Project Almanac centers on David (Jonny Weston), a kid who finds his late father’s unfulfilled plans to build a time machine and takes it upon himself to put the thing together. However, he can’t do it alone and that’s where Sam Lerner and Ginny Gardner come in. Quinn (Lerner) may be a little crazy and reckless, but he’s one of David’s best friends and key to successfully assembling the time machine, and it’s David’s little sister Christina’s (Gardner) job to film the whole process.
While in Atlanta, Georgia visiting the Project Almanac set, Lerner and Gardner took a break from filming the music festival scene to talk to the group of visiting journalists about their characters, shooting a found footage movie and more. Hit the jump to check it all out. Project Almanac will make its way into theaters on January 30th.
SAM LERNER: It was a long, long time ago. For me it was like seven months ago.
GINNY GARDNER: Yeah, I read it for the first time six months ago.
LERNER: The casting process took forever because the movie kept getting pushed back. No, but we all were like obsessed with it and I was like, ‘This role is freaking perfect for me,’ and I definitely wanted to be a part of it a while back.
GARDNER: Yeah, I’ve wanted to be a part of it since day one. The first time I read the script I got so excited by it and thought the whole found footage thing was such a cool, exciting idea that isn’t done a lot and then if we could do it well, it would be a really, really fun movie.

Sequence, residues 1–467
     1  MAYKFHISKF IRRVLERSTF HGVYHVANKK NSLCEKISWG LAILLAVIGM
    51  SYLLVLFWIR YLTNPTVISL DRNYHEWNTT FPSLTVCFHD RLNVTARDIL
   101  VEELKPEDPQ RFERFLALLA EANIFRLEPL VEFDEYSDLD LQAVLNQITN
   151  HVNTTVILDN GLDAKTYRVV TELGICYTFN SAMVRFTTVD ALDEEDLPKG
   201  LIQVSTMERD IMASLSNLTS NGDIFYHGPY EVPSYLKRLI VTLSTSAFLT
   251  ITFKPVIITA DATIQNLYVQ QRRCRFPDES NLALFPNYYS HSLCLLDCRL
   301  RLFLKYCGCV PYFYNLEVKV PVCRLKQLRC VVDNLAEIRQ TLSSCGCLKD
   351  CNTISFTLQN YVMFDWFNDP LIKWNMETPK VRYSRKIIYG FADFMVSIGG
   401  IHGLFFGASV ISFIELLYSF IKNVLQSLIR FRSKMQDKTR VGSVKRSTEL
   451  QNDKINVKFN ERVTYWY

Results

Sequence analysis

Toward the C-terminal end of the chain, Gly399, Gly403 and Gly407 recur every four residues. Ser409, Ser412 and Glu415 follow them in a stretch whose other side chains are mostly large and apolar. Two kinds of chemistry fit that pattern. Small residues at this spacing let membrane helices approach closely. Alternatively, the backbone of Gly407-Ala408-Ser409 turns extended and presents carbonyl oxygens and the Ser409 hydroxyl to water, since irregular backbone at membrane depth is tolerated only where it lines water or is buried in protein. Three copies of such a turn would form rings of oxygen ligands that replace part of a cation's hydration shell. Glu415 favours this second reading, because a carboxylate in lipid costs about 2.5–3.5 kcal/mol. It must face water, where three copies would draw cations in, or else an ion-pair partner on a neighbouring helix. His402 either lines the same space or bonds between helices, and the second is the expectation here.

Are you guys a fan of some of the movies that this film is referencing as far as either time travel or found footage movies, like Chronicle or Back to the Future?
LERNER: Oh, Absolutely!
GARDNER: Chronicle was really fun.
LERNER: Chronicle was cool, yeah. Yeah, we’ve seen Chronicle and a lot of people are comparing it to Back to the Future, Part 2 I think.
GARDNER: Our generation’s Back to the Future.
LERNER: I read articles online that’s like, ‘This is dumb, it’s like Back to the Future.’
GARDNER: I think it’s better than Back to the Future.
LERNER: But yeah, Cloverfield and Chronicle, and End of Watch kind of had some found footage.
GARDNER: Yeah, that was a great movie.
LERNER: So I feel like I’ve seen a good amount of found footage and it’s just so different.
LERNER: It’s super different.
GARDNER: The eye-line is really hard.
LERNER: Yeah, eye-lines are hard because when you’re talking to someone, you don’t – it’s weird because you can break the fourth wall, you can talk to the camera because it’s like you want to save it for later, so you’re like, ‘Dude, blah, blah, blah,’ because you know your friend will watch this tape when he plays it back. That’s definitely really weird. And there’s no close-ups and wide shots and medium shots …
GARDNER: It’s all just one shot.
LERNER: Everything is pretty much one angle, so that was definitely weird. And also in terms of acting, it’s like, we were all talking about it when we first got here, we were like, ‘Holy sh*it, we have to be really freaking natural,’ because, especially if it’s found footage, it’s like, if it seems Disney at all it’s going to be freaking ridiculous.